Pakuranga Busway Mooted


Auckland Transport will present concepts for a busway to Pakuranga residents this Saturday as part of a project aimed at improving poor public transport in the area.

The dedicated bus lanes along Ti Rakau Drive and a section of Pakuranga Road will be part of a busway that will eventually run from Botany to Panmure train station. It is one of the Eastern Transport Initiative (AMETI) projects which Auckland Transport is now responsible for.

Central bus lane concept | Auckland Transport

Proposed bus lane concept |Auckland Transport

A community open day is being held in Pakuranga to get feedback on two concepts for the busway. Being proposed is a central busway, with lanes in both directions in the centre of the road, and a concept with bus lanes in both directions on one side of the road. Open days were held earlier this year in Panmure to discuss plans for that section of the busway.

The open day will be between 10am and 4pm, with the presentation at 11am at Te Tuhi Arts Centre, 13 Reeves Rd Pakuranga.

BUSWAY: North Shore busway is a runaway success

Auckland Transport Major Projects Manager Rick Walden says the area has the second lowest public transport use in the region after Whangaparaoa.

“The demand is already there for a rapid transit busway between Panmure and Pakuranga. The problem is that buses are delayed by the same congestion as other vehicles.

“Providing dedicated bus lanes will mean a reliable, high frequency service can be provided. It would allow for up to 60 buses an hour between Pakuranga and Pamure.

“Encouraging more people onto public transport is an important part of dealing with the congestion that is holding back economic growth in the area. It will also mean the planned roading improvements provide better results,” Mr Walden says.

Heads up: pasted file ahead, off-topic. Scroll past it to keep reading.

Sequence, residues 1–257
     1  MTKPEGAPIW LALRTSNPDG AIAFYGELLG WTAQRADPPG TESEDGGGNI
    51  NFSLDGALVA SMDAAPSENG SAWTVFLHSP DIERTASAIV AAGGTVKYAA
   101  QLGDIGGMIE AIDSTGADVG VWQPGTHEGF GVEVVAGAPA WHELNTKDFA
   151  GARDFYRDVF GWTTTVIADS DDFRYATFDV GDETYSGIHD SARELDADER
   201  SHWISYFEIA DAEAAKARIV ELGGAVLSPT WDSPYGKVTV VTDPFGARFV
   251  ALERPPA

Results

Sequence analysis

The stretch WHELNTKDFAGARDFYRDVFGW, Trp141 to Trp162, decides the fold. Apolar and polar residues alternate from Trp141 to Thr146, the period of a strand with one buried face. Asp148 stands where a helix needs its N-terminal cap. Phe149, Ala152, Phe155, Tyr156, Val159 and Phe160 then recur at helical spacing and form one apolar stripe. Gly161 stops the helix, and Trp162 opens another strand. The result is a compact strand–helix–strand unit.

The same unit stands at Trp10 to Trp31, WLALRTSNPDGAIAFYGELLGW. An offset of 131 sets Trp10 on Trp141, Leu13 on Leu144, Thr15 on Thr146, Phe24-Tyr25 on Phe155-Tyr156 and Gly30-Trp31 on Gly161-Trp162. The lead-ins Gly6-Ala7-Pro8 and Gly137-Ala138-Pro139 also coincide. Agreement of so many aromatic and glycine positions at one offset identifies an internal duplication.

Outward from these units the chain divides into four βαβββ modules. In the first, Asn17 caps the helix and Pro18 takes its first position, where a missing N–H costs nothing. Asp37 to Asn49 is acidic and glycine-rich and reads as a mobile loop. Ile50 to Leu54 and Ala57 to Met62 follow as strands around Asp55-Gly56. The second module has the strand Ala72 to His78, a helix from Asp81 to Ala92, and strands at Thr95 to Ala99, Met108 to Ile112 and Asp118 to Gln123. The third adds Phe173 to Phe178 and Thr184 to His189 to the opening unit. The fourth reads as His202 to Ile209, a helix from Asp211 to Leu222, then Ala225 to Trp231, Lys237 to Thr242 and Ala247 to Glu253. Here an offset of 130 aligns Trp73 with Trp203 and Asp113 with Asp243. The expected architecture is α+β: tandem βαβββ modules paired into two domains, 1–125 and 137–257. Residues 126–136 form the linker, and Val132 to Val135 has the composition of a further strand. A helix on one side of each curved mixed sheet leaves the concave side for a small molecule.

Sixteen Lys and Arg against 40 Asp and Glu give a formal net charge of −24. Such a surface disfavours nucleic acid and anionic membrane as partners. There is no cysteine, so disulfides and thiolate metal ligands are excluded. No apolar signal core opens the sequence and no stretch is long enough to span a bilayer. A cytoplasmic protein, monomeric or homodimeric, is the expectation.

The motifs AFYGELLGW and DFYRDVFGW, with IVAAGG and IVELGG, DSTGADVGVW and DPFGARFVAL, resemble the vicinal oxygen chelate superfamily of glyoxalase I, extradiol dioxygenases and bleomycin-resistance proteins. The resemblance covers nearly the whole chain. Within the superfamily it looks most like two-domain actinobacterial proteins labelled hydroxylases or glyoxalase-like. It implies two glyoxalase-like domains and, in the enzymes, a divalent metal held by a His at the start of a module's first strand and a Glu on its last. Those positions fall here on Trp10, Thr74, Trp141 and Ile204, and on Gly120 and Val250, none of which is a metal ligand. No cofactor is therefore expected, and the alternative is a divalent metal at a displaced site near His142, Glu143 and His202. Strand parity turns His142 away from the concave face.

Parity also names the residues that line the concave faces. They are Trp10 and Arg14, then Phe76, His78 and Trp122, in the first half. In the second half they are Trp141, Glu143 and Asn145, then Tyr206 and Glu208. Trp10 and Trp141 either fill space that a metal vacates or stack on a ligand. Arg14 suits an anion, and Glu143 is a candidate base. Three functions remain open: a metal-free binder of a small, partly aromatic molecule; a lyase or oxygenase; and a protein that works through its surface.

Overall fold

Kerbside bus lanes wouldn’t allow an effective rapid transit as buses would need to slow for turning traffic. There would also be safety issues for residents getting in and out of driveways.

Both the central and one side of the road concepts have all bus stops at signalised intersections so pedestrians would always be able to get to a bus stop safely.

Signalised intersections would provide for right turns into side streets. Access to properties and side streets on one side of the road would continue as it is at present.

For the central busway, u-turns will also be permitted to access properties on the other side of the road. The one side of the road option would mean property access would change to be via signalised intersections and slip roads.

Dedicated cycle facilities would be provided either on-road, off-road or both.

The busway will be developed in stages, based on demand, with the first stages between Panmure and Pakuranga town centre. It will then be created in stages along Ti Rakau Drive towards Botany.